public object A()
{
    return new { Name = "Cid" }
}

public object B()
{
    return new { Name = "Galuf" }
}

public void Test()
{
   System.Diagnostics.Trace.Assert(A().GetType() == B().GetType());
}

Now even though this type is defined in two separate places the compiler only creates only creates a single shared type because they both have the same set of properties as defined by the property types and property names. In this respect the properties can be thought of as sort of a signature for the anonymous type. Using this knowledge there are different techniques that can be used for introspection into anonymous type instances that have been cast to object or deferred using the dynamic keyword. There are also nifty ways to work with anonymous types by using generic methods just as Linq does with methods in the static Enumerable and Queryable classes. This way you can do things like create a new instance of any given anonymous type and without using reflection. The trick is though that you have to use an instance of the anonymous type to pass to methods in order to have the type be inferred by the generic method. If anybody is interested in these topics further as they apply to the original posters question, leave a comment and I can try to clarify some of these techniques.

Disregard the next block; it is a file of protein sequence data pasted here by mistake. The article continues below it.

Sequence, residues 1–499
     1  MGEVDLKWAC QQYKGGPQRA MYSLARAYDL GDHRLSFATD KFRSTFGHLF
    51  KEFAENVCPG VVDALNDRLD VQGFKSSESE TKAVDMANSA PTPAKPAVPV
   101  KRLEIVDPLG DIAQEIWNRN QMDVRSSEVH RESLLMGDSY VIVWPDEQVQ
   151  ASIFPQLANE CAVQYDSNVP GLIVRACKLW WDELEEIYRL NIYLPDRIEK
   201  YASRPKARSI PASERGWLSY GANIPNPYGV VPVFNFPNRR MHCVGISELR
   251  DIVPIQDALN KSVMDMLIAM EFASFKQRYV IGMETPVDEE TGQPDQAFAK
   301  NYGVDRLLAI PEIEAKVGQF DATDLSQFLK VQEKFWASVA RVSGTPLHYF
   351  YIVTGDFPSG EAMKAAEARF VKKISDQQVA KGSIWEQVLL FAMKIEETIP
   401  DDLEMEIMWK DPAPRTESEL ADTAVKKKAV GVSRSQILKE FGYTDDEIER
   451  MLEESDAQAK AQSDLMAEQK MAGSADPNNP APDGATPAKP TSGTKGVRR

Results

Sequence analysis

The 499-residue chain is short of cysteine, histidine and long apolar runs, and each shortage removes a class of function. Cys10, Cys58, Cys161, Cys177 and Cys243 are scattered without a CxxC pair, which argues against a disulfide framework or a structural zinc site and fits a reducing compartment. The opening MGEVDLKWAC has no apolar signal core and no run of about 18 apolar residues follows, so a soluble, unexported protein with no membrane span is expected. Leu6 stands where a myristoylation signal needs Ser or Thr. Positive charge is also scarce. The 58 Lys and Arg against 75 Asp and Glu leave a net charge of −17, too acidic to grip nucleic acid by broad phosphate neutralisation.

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2  
really! No comments to explain the down votes? –  jpierson Apr 12 '11 at 14:36
    
+1 I never knew those types could be equal! The downvote could be because of your The trick is though that you have to use an instance of the anonymous type to pass to methods in order to have the type be inferred by the generic method. If anybody is interested in these topics further as they apply to the original posters question, leave a comment and I can try to clarify some of these techniques. and not writing what it is. –  nawfal Feb 4 '13 at 8:05